Saturday, September 26, 2009

Boomerang Trade

From the New Economics Foundation

5,000 tonnes of toilet paper from the UK to Germany, but then the UK imports over 4,000 tonnes back again from Germany.

22,000 tonnes of potatoes imported from Egypt to UK and then the UK exports 27,000 tonnes back to Egypt .

4,400 tonnes of ice cream gets exported from the UK to Italy, and 4,200 tonnes is then imported back .

116 tonnes of ‘Sweet biscuits, waffles and wafers, gingerbread and the like’ comes into the UK, rumbling passed 106 tonnes headed in the opposite direction.

Ships, lorries and planes wastefully carrying often identical goods from city to city across the globe and back again . The waste of capitalism .

The needs of consumers are always needs for a specific product at a specific time in a specific locality so we can assume that socialist society would leave the initial assessment of likely needs to a delegate body under the control of the local community . When needs arise in local communities in socialism , the supply of many of those needs will take place within the local community and in these cases production would not extent beyond this , as for example with local food production for local consumption .

In a stable society such as socialism, needs would change relatively slowly. Hence it is reasonable to surmise that an efficient system of stock control, recording what individuals actually chose to take under conditions of free access from local distribution centres over a given period, would enable the local distribution committee to estimate what the need for food, drink, clothes and household goods would be over a similar future period. Some needs would be able to be met locally: local transport, restaurants, builders, repairs and some food are examples as well as services such as street-lighting, libraries and refuse collection. The local distribution committee would then communicate needs that could not be met locally to the bodies charged with coordinating supplies to local communities.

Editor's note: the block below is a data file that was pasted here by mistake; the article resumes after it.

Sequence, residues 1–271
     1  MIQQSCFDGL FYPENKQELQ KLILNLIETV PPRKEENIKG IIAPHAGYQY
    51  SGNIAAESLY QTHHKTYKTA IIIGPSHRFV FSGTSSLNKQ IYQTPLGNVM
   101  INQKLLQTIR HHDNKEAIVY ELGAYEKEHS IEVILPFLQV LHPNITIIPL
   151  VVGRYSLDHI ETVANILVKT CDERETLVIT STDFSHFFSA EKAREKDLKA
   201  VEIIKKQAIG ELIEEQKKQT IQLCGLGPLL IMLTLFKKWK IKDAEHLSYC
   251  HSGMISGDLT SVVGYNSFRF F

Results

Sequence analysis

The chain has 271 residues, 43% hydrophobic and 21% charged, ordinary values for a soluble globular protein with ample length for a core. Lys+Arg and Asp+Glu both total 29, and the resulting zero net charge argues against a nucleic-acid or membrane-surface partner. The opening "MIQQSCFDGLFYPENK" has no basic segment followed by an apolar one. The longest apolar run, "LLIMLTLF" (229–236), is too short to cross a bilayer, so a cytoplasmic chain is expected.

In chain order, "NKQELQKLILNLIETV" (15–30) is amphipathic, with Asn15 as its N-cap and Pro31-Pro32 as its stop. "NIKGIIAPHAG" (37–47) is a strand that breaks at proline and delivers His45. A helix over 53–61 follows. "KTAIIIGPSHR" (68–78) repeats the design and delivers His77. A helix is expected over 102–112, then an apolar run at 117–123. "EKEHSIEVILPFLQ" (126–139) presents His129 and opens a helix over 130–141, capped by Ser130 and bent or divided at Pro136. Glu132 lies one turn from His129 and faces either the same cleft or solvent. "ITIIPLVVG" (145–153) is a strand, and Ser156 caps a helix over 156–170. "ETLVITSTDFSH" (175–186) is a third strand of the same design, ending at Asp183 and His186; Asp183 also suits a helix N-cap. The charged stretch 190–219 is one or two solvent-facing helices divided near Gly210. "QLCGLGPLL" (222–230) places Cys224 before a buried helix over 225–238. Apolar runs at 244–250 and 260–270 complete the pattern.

The individual would have free access to the goods on the shelves of the local distribution centres; the local distribution centres free access to the goods they required to be always adequately stocked with what people needed; their suppliers free access to the goods they required from the factories which supplied them; industries and factories free access to the materials, equipment and energy they needed to produce their products; and so on.

Production and distribution in socialism would thus be a question of organising a coordinated and more or less self-regulating system of linkages between users and suppliers, enabling resources and materials to flow smoothly from one productive unit to another, and ultimately to the final user, in response to information flowing in the opposite direction originating from final users. The productive system would thus be set in motion from the consumer end, as individuals and communities took steps to satisfy their self-defined needs. Socialist production is self-regulating production for use.

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